Apple Inc. (NASDAQ:AAPL) is down more than 10% today, with the majority of those losses occurring in after-hours trading yesterday, after the company reported some uninspiring first quarter top-line numbers. Cupertino missed Wall Street’s revenue expectations, and also issued next-quarter guidance 5-10% below what most analysts are forecasting. Additionally, for those investors subscribing to the philosophy that earnings are a key driver of stock prices, they’ve likely been disappointed by EPS figures.
At first glance, it appears that Apple’s earnings declined year-over-year in Q1, but when we do some simple arithmetic, this is simply not the case. If you’ll recall, Insider Monkey informed investors in December (see Many Apple Bears are Forgetting This) that it’s incorrect to compare AAPL’s Q1 FY2013 period with its Q1 FY2012 period.
It’s time to update our original analysis.
One year ago, Apple generated a first quarter EPS of $13.87. These earnings were accumulated over a period of 14 weeks.
In this past quarter, which Apple Inc. (NASDAQ:AAPL) reported yesterday, the company generated an EPS of $13.81. These earnings were accumulated over a period of 13 weeks.
A first grader could tell the difference between these figures, but apparently, this math is too difficult for today’s average financial journalist to perform. We’re not calling out one platform in particular. No, it appears that almost every armchair analyst misunderstood this simple 7-day difference.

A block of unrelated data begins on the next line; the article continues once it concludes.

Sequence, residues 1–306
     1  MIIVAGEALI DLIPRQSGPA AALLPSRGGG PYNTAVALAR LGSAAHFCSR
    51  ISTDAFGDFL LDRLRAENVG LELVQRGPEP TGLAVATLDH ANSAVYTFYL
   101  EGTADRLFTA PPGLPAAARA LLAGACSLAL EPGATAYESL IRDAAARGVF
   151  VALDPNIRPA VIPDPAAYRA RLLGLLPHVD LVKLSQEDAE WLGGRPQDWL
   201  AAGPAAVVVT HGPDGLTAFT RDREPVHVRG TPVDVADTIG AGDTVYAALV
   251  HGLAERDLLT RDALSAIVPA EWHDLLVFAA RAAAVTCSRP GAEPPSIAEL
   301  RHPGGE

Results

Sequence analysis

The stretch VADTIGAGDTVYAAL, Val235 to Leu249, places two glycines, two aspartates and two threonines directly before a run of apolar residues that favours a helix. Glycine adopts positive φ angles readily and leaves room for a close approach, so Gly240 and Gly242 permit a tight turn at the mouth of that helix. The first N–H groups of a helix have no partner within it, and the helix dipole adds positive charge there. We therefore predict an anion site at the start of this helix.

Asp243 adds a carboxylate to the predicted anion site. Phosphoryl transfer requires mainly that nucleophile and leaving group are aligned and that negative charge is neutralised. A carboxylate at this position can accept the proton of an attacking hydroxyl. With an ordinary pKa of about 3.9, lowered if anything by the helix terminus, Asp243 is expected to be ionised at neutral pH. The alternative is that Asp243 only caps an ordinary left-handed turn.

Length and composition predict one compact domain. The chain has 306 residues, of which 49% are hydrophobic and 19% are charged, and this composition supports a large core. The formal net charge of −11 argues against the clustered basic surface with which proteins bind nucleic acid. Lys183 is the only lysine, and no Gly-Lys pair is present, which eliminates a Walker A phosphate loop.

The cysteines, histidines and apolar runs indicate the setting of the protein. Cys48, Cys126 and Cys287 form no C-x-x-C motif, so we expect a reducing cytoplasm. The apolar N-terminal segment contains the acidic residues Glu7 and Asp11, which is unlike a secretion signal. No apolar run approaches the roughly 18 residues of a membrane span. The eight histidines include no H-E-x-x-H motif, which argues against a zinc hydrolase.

So, to tackle this “complex math,” all we have to do is split up Apple Inc. (NASDAQ:AAPL)’s EPS figures into weekly averages.
In Q1 FY2012, Apple generated close to 99 cents in earnings per week over the 14-week period.
In Q1 FY2013, Apple generated $1.06 in earnings per week over the 13-week period.
This means, that despite the headlines mentioning that Apple Inc. (NASDAQ:AAPL) had “flat” or “slightly lower” EPS this past quarter, we can see that the company actually experienced an adjusted EPS growth of 7 percentage points, year over year.
Is it possible that many Apple investors who sold their shares yesterday were focusing on the company’s revenue numbers?
Is it also possible that some Cupertino bears were incorrectly assessing Apple Inc. (NASDAQ:AAPL)’s earnings, thinking that they had fallen flat compared to the previous year’s first quarter?
So, now the rational question investors must ask themselves is: does a company that grew weekly earnings last quarter, and beat the Street’s estimates really deserve to be trading at its current multiples?
We’ll let you answer that, but it’s important to at least have the correct information when considering Apple Inc. (NASDAQ:AAPL)’s prospects moving forward. In today’s rough and tumble world of ‘write first, ask questions later’ journalism, though, it’s becoming increasingly difficult to do this.
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Disclosure: I have no positions in any of the stocks mentioned above